Families participating in Nurse Family Partnership have been shown to have increase rates in breastfeeding, safe sleep practices, compliance with immunizations as well as screening for developmental delays and depression and anxiety.


Currently, eligible NYCHA families and families who are engaged with ACS can enroll in New Family Home Visits. The program will be phased in the 33 TRIE neighborhoods, starting with the following 11:

  • Bedford Stuyvesant
  • Brownsville
  • Bushwick
  • Central Harlem
  • Concourse/Highbridge
  • East Harlem
  • East Tremont
  • Hunts Point
  • Morrisania
  • Mott Haven
  • University Heights/Morris Heights

The remaining 22 neighborhoods will be added over the next 3 months. Families who are eligible can call 311 to enroll.

“The New Family Home Visits Program is a win-win for New York City, as it will better connect some of our most vulnerable first-time families to much-needed home-visiting services and support, while promoting healthy childhood development and improving the well-being of our youngest New Yorkers. ACS is delighted to partner with DOHMH on this program and we will continue to make sure New York City’s children and families have access to the tools they need to succeed,” said David A. Hansell, Commissioner of the NYC Administration for Children’s Services (ACS).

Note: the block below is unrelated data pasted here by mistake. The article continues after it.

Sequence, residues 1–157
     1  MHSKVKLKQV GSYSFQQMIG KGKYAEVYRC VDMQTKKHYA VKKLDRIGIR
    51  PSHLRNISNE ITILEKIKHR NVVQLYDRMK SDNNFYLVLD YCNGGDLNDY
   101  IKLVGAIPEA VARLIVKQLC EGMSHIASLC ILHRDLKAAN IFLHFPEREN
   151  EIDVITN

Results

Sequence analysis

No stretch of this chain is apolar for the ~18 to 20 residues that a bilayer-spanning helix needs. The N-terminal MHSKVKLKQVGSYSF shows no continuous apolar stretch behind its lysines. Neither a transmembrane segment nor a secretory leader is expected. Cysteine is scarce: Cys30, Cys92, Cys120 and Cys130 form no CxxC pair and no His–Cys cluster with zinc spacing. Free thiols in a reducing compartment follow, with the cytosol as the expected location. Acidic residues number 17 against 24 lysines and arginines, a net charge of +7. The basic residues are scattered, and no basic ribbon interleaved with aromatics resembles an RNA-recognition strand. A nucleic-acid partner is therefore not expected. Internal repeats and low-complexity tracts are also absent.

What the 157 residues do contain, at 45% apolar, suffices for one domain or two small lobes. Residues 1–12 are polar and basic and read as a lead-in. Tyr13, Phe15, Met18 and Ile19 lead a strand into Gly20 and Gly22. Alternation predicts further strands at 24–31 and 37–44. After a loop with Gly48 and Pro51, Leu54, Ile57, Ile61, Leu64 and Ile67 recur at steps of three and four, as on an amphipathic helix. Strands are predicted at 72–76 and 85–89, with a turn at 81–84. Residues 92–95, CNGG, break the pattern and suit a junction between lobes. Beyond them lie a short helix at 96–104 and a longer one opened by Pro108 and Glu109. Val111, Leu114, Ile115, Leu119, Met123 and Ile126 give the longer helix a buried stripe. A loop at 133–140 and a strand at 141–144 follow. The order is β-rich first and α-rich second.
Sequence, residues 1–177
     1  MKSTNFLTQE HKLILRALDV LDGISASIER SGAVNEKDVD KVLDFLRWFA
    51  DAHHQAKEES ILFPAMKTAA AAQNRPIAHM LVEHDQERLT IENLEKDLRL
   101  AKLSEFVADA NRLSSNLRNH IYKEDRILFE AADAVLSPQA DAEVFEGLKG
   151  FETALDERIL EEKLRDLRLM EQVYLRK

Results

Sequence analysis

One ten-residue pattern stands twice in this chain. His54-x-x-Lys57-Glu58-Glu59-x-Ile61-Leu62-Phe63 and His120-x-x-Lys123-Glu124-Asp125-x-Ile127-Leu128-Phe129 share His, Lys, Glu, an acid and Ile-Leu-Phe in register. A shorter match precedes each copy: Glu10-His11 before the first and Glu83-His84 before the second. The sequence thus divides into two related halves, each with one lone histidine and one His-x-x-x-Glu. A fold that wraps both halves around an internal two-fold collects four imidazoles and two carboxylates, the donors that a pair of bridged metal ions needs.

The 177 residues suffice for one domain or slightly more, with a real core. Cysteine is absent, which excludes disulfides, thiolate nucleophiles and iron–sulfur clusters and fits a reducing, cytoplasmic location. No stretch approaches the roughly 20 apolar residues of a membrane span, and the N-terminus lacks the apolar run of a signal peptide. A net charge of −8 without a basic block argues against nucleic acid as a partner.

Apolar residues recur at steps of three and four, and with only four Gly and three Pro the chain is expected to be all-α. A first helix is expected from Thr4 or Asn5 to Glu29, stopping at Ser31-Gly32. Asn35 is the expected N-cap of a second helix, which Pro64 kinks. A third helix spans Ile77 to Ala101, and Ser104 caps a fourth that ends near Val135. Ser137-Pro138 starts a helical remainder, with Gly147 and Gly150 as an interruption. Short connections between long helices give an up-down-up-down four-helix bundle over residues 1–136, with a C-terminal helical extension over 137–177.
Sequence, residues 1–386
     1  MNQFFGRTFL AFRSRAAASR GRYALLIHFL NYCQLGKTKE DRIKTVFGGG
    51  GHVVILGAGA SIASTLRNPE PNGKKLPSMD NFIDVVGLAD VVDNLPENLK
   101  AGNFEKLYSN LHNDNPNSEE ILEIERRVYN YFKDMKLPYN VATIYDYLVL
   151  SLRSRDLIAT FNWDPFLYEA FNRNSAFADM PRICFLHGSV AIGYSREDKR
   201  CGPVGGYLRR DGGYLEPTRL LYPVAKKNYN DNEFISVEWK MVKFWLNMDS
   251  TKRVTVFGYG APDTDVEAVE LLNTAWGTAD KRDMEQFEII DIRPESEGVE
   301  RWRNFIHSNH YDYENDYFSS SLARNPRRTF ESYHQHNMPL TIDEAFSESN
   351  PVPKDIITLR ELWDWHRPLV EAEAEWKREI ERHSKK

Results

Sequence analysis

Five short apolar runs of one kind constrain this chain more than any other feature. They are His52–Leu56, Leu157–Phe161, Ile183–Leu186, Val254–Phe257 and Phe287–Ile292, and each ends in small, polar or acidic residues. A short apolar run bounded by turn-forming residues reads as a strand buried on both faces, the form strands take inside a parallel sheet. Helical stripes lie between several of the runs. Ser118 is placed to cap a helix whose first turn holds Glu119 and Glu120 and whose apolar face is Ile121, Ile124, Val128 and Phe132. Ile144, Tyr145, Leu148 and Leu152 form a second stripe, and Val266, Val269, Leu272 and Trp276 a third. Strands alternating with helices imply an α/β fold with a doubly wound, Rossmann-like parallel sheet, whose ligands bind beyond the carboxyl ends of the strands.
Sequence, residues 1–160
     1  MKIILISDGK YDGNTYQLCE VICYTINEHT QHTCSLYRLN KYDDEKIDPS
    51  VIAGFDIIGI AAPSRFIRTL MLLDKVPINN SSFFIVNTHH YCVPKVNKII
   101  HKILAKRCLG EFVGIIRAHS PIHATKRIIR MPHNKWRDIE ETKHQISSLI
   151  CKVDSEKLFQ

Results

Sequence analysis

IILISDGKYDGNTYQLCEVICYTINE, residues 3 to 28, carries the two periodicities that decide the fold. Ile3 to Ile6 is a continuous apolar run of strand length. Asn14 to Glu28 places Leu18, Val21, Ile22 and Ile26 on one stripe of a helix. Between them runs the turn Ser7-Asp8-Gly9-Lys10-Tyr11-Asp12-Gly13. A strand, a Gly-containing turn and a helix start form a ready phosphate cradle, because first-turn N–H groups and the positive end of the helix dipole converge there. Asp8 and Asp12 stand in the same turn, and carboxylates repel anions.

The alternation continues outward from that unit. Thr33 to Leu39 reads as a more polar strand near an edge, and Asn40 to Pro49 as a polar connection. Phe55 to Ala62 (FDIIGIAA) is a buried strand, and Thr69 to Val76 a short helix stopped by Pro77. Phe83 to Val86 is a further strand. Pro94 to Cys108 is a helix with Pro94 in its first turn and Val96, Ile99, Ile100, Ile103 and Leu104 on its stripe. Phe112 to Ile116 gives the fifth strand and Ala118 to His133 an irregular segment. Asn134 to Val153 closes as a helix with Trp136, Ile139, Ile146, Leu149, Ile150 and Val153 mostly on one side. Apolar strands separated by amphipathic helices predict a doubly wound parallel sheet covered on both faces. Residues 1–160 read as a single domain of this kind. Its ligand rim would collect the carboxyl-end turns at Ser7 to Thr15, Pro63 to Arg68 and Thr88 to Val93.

“The comprehensive array of services now available to new mothers and young parents as a result of this expansion will improve public health outcomes and ensure that the next generation of our residents are able to grow up in a safe and stable home environment,” said NYCHA Chair & CEO Greg Russ.”We applaud the Health Department for bringing this vital program to NYCHA campuses.”

“The ‘New Family Home Visits’ program serves to help reduce the disproportionately high rates of maternal mortality,” said Assemblymember Rodneyse Bichotte Hermelyn, Chair of the New York State Assembly Task Force on Women’s Issues. “Nationally, Black women are 243 percent more likely to die from pregnancy- or childbirth-related causes than women of other races, and the mortality rate for infants born to Black women is also 2.3 times greater than the infant mortality rate for non-Hispanic whites. Unfortunately, I experienced these disparities firsthand when I lost my infant son in 2016, following a preterm labor that also threatened my life. As a national beacon of progress and equity, our City should strive to spare other people and families of color from such systemic failures in the health care system. I look forward to the near-term rollout of this program in Flatbush, Brooklyn and surrounding areas.”